The Challenges Of Tracking TV Ads To Store Visits
As TV increasingly becomes a part of multi-screen attribution plans, expect both brands and TV manufacturers to make tracking ads to visits easier.
While cross-device attribution largely focused on desktop and mobile for the past few years, TV is now starting to become a point of discussion among brands and marketers as a potential “third screen” for tracking customers. A survey from Digiday last year showed over 50 percent of respondents were interested in buying addressable TV inventory (addressable meaning connected and therefore visible, think “SmartTVs” that allow for streaming and an internet connection or digital set-top boxes that show ads).
In a report from eMarketer on cross-device attribution, Alan Beiagi of DataXu said: “Television is a very big part of the cross-device discussion. About a year-and-a-half ago, they were two separate discussions: ‘How am I going to get all the money that I was previously investing in TV into digital?’ and ‘How do I do cross-device on everything that I’m already executing?’ And now, it’s the same discussion: ‘I’m doing TV, and I’m going to do cross-device, so how do these two relate?’”
But the real challenge for using addressable TV as a means to drive store traffic remains: how how to track the role an ad delivered to a set-top box has the same performance metrics as a clickable mobile ad?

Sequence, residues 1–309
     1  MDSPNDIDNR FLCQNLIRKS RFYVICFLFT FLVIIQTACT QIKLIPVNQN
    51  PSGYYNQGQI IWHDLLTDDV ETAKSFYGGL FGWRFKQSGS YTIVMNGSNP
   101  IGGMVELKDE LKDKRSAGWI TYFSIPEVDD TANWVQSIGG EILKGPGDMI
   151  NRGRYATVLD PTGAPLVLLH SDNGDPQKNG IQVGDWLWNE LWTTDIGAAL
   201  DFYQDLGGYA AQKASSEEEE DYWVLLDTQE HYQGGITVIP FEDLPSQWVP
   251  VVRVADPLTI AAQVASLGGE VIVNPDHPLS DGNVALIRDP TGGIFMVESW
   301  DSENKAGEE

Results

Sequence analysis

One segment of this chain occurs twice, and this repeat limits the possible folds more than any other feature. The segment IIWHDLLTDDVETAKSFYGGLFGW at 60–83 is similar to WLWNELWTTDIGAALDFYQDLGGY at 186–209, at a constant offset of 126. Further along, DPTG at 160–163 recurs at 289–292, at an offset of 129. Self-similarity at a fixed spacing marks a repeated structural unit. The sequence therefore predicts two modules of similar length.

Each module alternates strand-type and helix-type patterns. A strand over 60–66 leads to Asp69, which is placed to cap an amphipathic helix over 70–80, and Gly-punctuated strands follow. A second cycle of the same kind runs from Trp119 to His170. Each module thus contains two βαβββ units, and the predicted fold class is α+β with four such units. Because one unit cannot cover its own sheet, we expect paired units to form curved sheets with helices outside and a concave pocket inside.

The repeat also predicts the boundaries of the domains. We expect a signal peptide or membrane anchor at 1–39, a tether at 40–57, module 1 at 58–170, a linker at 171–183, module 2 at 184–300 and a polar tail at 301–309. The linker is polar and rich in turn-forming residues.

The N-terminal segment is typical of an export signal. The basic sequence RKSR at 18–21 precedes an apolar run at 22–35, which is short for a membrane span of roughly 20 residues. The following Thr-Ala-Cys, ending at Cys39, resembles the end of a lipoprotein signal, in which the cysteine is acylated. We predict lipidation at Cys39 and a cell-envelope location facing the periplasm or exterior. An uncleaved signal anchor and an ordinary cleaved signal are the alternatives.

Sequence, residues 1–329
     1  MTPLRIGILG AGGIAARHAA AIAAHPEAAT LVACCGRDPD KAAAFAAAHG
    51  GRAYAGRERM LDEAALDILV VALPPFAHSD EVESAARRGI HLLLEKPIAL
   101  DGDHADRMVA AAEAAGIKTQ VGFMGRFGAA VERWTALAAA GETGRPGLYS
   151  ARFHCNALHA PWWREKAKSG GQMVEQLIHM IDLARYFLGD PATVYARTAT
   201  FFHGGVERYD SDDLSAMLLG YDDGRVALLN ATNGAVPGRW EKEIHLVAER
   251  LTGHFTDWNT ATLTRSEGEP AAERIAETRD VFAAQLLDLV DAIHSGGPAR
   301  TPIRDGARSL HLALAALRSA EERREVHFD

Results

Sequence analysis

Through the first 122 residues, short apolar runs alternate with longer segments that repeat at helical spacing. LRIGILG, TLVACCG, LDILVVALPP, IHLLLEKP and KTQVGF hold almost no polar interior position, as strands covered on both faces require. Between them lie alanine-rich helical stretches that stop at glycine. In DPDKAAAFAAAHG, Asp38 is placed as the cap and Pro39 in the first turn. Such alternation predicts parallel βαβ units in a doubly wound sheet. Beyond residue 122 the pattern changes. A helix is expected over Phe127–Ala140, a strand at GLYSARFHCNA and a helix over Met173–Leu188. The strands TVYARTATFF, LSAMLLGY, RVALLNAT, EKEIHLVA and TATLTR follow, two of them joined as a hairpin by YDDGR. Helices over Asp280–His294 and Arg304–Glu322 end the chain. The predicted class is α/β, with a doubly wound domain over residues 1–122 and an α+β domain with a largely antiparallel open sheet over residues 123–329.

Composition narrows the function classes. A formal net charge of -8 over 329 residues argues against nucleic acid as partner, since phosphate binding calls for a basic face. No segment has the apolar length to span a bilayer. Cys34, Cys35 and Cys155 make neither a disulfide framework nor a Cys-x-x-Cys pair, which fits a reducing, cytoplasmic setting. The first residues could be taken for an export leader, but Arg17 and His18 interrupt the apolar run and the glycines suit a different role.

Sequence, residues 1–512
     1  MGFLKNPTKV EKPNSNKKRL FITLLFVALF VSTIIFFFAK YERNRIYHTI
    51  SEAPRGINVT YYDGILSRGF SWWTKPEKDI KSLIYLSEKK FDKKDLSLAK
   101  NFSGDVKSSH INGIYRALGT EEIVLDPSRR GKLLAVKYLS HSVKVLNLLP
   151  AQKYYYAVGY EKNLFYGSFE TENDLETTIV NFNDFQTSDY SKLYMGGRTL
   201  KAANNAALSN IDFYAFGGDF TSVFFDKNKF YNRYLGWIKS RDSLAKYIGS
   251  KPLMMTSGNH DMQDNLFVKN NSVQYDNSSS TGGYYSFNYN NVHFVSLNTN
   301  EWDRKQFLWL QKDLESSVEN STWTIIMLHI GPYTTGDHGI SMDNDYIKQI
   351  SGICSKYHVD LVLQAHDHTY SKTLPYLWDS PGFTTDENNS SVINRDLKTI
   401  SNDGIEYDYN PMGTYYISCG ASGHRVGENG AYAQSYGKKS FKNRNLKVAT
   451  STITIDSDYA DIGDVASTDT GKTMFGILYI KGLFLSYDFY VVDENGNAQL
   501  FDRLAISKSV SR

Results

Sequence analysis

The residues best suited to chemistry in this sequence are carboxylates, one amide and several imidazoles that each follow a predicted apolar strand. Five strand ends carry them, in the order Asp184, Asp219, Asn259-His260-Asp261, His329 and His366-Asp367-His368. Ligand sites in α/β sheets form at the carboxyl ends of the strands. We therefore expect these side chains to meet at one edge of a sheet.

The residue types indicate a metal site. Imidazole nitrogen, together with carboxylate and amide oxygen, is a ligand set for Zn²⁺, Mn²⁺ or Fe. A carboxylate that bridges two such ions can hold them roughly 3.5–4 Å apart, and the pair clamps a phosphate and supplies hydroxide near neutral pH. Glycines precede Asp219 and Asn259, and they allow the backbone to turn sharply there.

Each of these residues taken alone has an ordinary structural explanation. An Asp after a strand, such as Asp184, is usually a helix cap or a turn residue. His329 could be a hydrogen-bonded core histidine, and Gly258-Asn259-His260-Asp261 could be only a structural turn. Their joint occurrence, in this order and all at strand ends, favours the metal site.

“You have no real view into what’s happening to performance of your advertising and that’s where it gets interesting,” Ubermedia’s Michael Hayes told GeoMarketing. Mobile ads are much easier to attribute to in-store visits due to the wealth of location data they provide and the fact that people usually bring their phones into the store with them. Even when the data on who saw a TV ad is acquired, it can be difficult to put into context since there’s so little of it.
In the old days, you’d buy a lot of ads in prime time and hope that people saw them and came in. Now, when every dollar spent on desktop and mobile advertising can be calculated to how many conversions it brought, marketers are making the same demand when it comes to other media platforms, such as addressable TV.
“The only difference is you’re just using television rather than a video ad that runs on Hulu,” said Hayes. The problem there is that addressable TVs still make up the minority of home theater setups. Dave Morgan, founder and CEO of Simulmedia estimates that only about 15 percent of US households have addressable TV setups, according to eMarketer.
In the near future, eMarketer expects that TV and cable providers will develop more open ways for their products become addressable and connected while brands and marketers will further integrate TV into their multi-screen efforts to track ads to store visits.